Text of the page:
JORDAN & Yew Tree Cottage, Chipperfield, early 20th century.

July, 2003



Kings Langley


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Linda Rogers (lrogers8 @t of USA writes:  Having traced back from my grandmother, through b/m/d and census records, we arrive at James Jordan born about 1809 in Chipperfield a master carpenter, and on the 1881 Census where he is now a widow from his second marriage, was shown living at Yew Tree Cottage in Kings Langley with two of his unmarried daughters, Mary and Jane and  three year old granddaughter.

 James JORDAN 





 Chipperfield, Herts 

 Carpenter Master 

 Mary A. JORDAN 





 Chipperfield, Herts  







 Chipperfield, Herts 


 Mary E. JORDAN 

 Gnd Daur 




 Brixton, Surrey


I would like to know if you have any history of this cottage, i.e. who owned it and when was it built.  I'm trying to explore if there is any truth to a family story of royalty having owned this cottage at one time and also a royal estate in Chipperfield. Any help would be truly appreciated.

While the 1881 census describes James Jordan’s address as Kings Langley, this is very misleading as he was living in Chipperfield, as many of his immediate neighbours are at addresses – such as Pale Farm and the Two Brewers public house – which are in the centre of the village. It is possible that Yew Tree Cottage was associated with Pale Farm, and as James was born in Chipperfield he may have lived in the same house all his life. (You may be able to check this by looking at the microfilms of the 1841-1871 census returns at your nearest LDS family History Centre and checking whether he was living close to Pale Farm - for the address of the centre see familysearch.)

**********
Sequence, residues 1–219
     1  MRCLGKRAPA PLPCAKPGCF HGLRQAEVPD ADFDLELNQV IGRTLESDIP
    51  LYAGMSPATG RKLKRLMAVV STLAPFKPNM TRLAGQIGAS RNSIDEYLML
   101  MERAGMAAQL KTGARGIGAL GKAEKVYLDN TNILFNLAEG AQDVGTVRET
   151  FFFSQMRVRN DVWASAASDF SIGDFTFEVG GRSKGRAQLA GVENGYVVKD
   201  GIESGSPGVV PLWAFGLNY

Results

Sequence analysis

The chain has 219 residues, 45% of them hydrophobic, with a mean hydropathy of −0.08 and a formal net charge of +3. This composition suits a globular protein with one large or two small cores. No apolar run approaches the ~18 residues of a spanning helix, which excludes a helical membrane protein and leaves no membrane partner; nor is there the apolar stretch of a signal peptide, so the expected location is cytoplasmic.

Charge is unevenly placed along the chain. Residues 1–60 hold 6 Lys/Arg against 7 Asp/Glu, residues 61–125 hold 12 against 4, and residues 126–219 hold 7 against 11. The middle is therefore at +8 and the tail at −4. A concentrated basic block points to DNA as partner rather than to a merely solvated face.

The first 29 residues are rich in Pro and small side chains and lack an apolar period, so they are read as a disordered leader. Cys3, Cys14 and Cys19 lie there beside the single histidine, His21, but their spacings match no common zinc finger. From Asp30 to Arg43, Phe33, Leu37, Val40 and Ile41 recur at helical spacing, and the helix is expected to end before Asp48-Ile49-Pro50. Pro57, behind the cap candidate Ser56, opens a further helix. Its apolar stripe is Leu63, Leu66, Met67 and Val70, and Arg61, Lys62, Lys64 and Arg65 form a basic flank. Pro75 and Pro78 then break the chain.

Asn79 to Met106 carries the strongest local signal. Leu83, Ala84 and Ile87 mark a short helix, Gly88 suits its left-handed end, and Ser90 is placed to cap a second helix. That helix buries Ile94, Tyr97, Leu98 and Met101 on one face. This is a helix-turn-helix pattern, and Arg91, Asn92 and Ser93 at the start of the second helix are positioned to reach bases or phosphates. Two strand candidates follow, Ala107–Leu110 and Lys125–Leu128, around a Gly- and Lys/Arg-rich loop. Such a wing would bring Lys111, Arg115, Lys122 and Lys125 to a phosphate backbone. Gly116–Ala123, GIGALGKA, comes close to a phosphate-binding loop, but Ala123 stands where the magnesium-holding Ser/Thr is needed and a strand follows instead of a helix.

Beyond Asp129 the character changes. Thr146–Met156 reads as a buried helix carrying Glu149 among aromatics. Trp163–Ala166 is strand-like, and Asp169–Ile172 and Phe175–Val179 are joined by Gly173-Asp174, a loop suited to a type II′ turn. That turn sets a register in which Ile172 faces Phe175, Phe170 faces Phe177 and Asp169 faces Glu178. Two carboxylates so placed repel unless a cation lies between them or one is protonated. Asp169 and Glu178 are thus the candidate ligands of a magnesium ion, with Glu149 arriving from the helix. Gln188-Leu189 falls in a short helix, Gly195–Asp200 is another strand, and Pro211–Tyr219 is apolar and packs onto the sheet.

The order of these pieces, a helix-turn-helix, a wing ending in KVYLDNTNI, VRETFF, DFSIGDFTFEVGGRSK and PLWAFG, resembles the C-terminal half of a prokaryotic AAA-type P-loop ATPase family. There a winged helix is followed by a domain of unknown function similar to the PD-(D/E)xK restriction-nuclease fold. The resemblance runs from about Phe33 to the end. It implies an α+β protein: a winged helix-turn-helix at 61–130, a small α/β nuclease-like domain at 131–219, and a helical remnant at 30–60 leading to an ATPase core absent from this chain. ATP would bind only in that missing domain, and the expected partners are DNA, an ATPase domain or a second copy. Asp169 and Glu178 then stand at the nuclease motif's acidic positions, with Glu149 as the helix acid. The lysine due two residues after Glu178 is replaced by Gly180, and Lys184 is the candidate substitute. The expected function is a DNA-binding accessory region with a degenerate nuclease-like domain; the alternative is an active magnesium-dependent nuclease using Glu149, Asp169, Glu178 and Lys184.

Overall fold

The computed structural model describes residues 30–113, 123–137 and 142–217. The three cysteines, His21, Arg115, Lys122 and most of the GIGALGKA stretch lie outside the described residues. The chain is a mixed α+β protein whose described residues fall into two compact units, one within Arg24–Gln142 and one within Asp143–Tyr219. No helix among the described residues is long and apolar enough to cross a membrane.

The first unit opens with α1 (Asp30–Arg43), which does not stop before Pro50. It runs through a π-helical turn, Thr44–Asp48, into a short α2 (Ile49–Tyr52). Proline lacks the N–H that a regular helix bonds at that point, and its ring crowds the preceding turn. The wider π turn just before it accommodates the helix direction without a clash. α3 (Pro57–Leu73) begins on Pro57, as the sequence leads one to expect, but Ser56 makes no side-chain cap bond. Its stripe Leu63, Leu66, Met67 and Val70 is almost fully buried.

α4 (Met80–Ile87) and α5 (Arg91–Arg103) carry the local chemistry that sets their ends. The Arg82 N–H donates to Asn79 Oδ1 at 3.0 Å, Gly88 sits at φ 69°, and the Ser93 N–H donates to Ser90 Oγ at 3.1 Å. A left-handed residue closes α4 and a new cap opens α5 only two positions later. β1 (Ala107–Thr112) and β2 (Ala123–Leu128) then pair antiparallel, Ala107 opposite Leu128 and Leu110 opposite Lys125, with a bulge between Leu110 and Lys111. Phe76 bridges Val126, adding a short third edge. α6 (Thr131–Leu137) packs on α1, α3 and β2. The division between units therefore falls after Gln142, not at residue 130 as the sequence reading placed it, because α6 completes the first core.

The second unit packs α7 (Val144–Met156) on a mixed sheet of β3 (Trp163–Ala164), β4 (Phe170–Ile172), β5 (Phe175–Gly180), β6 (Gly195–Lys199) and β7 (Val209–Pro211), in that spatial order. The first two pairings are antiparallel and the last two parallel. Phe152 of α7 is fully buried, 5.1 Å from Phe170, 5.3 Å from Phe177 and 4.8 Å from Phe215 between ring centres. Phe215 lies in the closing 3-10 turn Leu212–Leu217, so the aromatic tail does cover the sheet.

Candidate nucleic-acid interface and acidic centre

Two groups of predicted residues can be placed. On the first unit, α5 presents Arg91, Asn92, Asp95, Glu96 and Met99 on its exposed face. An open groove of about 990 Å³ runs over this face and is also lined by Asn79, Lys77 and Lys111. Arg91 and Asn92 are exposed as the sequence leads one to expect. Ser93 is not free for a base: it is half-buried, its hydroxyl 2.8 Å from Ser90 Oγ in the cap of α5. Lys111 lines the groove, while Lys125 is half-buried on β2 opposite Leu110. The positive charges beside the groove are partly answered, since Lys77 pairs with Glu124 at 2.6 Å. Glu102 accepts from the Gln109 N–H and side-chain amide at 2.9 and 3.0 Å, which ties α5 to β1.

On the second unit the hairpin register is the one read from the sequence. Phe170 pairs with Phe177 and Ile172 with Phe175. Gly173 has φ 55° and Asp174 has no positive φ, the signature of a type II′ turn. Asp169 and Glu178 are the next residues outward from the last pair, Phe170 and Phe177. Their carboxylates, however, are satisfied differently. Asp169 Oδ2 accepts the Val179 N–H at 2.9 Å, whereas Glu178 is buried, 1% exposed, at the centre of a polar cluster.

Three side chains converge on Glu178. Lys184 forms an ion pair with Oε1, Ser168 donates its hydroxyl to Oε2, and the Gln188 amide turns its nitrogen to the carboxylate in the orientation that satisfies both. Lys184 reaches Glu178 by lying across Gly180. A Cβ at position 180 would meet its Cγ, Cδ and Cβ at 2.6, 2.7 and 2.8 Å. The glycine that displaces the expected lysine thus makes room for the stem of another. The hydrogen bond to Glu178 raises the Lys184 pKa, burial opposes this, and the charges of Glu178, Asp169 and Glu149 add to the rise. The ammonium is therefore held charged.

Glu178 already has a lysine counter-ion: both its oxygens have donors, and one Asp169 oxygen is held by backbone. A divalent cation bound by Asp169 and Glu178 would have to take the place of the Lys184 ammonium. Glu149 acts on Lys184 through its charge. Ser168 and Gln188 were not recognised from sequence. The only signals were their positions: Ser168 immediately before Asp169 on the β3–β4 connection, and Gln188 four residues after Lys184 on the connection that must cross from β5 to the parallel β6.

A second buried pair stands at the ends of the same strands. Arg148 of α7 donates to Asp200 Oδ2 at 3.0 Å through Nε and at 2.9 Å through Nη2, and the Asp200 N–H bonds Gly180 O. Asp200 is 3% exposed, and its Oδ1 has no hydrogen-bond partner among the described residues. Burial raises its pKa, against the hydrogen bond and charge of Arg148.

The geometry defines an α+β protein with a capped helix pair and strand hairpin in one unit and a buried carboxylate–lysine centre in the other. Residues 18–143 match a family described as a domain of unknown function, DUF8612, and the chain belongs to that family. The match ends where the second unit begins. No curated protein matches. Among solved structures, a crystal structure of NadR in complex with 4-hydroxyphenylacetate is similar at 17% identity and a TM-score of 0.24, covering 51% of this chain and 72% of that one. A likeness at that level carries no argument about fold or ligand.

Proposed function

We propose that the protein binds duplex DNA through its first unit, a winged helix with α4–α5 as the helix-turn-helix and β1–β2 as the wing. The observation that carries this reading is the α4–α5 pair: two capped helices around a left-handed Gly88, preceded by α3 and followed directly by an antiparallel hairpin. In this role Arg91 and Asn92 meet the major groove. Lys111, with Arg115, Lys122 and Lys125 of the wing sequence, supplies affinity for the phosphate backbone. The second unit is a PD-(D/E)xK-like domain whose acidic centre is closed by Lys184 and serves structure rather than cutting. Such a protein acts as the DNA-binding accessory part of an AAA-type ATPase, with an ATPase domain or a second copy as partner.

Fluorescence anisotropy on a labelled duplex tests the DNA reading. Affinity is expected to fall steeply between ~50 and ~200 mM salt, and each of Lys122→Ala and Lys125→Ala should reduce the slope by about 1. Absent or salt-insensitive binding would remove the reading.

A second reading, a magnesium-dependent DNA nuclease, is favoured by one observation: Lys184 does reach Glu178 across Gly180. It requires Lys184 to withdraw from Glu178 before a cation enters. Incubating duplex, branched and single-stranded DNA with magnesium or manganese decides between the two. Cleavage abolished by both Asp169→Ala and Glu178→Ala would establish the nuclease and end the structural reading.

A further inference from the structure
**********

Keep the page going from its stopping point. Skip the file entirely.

A check of the 1882 Kelly’s Directory entry for Chipperfield lists James Jordon as a builder, and James Jordon junior as a beer retailer. The 1866 Post Office Directory lists Chipperfield under Kings Langley and shows James Jordan as a builder and a Mrs Mary Jordon as a grocer. The 1851 Post Office Directory lists Charles Jordon as a beer retailer, James Jordon as a butcher, and another James Jordon as a carpenter.

A check of Cussans’ History of Hertfordshire (1879) reports that the churchyard contains a memorial “Mary Anne, wife of James Jordan, Senr of Chipperfield, departed this life November 9th, 1871” and says “Close by are several wooden memorials to other members of the Jordon Family.”. While the stone memorial may still be there, the wooden memorials will have long gone.

A check of the books Kings Langley and A Hertfordshire Valley, both by Scott Hastie, shows no references to the Jordon family or Yew Tree Cottage, but both mention Pale Farm – and of course the medieval palace that used to stand at Kings Langley in the 13th and 14th centuries.

There is no reason to expect any particular link between the Yew Tree Cottage or Pale Farm and the Royal Palace at Kings Langley – apart from the fact that the ground on which they were later built may have been owned by royalty – but this is nothing special as much of England has been owned by royalty and nobility at one time or another.

However the is a particular historical connection between Pale Farm and the USA which is mentioned in the booklet The Carters of Kings Langley, which describes the Chipperfield ancestors of former President Jimmy Carter.  A brief quote, and a picture, would seem appropriate.

Pale Farm – The Tudor farmhouse of Thomas Carter of Mill

Thomas Carter of Mill enjoyed what was certainly the most impressive farmhouse belonging to any member of the family. This was at Pale Farm, still in excellent condition today in Chipperfield Street. It is obviously sixteenth century with a characteristic overhanging upper story with a tile roof. Near the centre is a squared chimney which demonstrates the wealth of the family, as chimneys of this nature were expensive and only the rich could afford them.

Old buildings in England are listed if they have recognized historical value, and Pale Farm is listed as Grade II* as circa 1500 (reputedly built by John Carter), and is described as being on the East side of “The Street”. However you will be interested to know that “Yew Trees” is also listed as Grade II (same map reference but on the West side of the street). It is listed as 16th century or earlier, the lower northern part being 17th century. As it is still standing it could be worth your while to write to the occupier – who may well be able to tell you something of the history of the house. You may also find it helpful to contact Kings Langley Local History & Museum Society.